What is MPC?
Secure multiparty computation (MPC) is a technology that enables different parties with private inputs to carry out a joint computation on their inputs without revealing them to each other. For example, it is possible for two people to compare their DNA and see if they are related to each other, without revealing anything but that fact.
A special case of MPC is “threshold cryptography” where private keys (for signing, decryption, etc.) are shared amongst parties, and the cryptographic operation can only be carried out when an authorized quorum of those parties agree to carry it out. This is an MPC scenario since the parties’ inputs are “shares of the key”, and the cryptographic operation is carried out without ever bringing these shares together. When used in this way, MPC dismantles the single point of compromise of cryptography; there is no single place where an attacker can steal the key from. MPC protocols come with mathematical proofs of security, guaranteeing that even if an attacker breaches a subset of the parties holding the key shares, and can run any malicious code it desires, it cannot learn anything about the key nor carry out unauthorized operations.
Is MPC a new technology?
MPC is the new kid on the block. Until a few years ago, no one had heard of MPC. However, it now appears in multiple Gartner hype cycles, Unbound’s MPC-based cryptographic module is FIPS 140-2 certified (at levels 1 and 2), and there are a number of startups and companies now using MPC in their products. Recently, I was even told that “MPC is a buzzword”. However, MPC is more like an elderly person who relocated than a new kid on the block. The study of MPC started in 1986, by Andrew Yao, and quickly became an extremely active area of research in academic circles. A quick search of “secure computation” in Google scholar returns 12800 research papers (on July 8, 2019), making it a 33-year old well-studied science.
The science of MPC
Immediately after Yao introduced the notion of MPC, there was a flurry of foundational results in the area showing that anything that can be computed can be computed securely in MPC. This means that MPC can be used, in principle, to solve any distributed computing problem while guaranteeing privacy of inputs and security. Decades of deep research followed in which different definitional frameworks for MPC were formulated and studied, and the feasibility of achieving MPC under different cryptographic assumptions and in different settings was explored. I began my research of MPC in 1998, and this was a golden age of theoretical research, understanding how to define security, construct protocols, and formally prove their security. Since MPC was not even considered practical at the time, there was no rush to implementation before it was well understood, and this enabled us to develop a rich and beautiful theory, and a deep understanding of the science of MPC.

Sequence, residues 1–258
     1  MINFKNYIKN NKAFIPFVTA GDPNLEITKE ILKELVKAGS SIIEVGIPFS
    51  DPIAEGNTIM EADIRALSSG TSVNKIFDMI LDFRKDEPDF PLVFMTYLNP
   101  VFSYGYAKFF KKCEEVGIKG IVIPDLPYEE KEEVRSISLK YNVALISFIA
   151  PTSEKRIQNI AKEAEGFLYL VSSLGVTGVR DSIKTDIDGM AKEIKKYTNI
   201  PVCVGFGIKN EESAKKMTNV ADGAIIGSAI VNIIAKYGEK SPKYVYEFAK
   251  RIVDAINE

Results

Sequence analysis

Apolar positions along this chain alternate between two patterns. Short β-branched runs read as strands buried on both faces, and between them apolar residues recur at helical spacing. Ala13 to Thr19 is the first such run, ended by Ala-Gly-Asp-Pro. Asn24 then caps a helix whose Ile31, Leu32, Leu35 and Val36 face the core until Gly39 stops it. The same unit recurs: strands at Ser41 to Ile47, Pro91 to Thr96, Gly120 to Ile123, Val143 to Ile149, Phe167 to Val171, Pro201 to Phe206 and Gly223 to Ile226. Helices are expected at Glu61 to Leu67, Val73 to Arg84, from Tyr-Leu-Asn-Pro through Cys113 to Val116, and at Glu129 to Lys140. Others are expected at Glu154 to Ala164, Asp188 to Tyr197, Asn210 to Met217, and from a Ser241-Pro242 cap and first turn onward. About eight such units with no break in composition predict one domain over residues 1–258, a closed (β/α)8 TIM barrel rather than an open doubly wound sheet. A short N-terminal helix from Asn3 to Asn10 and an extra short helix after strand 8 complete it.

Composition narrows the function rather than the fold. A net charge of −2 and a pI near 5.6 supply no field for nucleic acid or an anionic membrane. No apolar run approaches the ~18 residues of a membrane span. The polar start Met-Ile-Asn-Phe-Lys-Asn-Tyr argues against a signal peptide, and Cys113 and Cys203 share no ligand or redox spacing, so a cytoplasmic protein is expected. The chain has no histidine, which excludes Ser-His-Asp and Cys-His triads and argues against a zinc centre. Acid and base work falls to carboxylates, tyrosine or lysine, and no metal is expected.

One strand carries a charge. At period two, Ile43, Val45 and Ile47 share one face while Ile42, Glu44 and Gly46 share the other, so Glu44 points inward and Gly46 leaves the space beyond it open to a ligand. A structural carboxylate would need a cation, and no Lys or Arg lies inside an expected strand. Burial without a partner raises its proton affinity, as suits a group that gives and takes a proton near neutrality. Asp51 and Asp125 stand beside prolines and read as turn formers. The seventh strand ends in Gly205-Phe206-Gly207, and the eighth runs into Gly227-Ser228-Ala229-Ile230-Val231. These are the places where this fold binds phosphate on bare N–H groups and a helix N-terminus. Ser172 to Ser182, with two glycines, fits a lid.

The move to efficiency
Approximately 10-15 years ago, interest started growing in the question of whether or not MPC can be made efficient enough to actually use. At the time that we started looking at efficient MPC, it was a relatively small community, and it looked like it would be an effort that would take decades to complete. However, progress came in leaps and bounds, and others quickly recognized that MPC was now moving into a different phase, of a more practical nature. A new and vibrant research community grew around this effort – techniques for constructing efficient protocols were developed, and each year saw major advances. The effort was so successful that in less than a decade, we had developed protocols that could solve real problems of interest that the world was grappling with. Furthermore, we had developed a rich toolbox of techniques and expertise that could be applied in practice. Finally, all of this applied work is based on the strong foundations laid in the theoretical phase of research (which still continues), providing it the scientific rigor needed in the cryptographic space.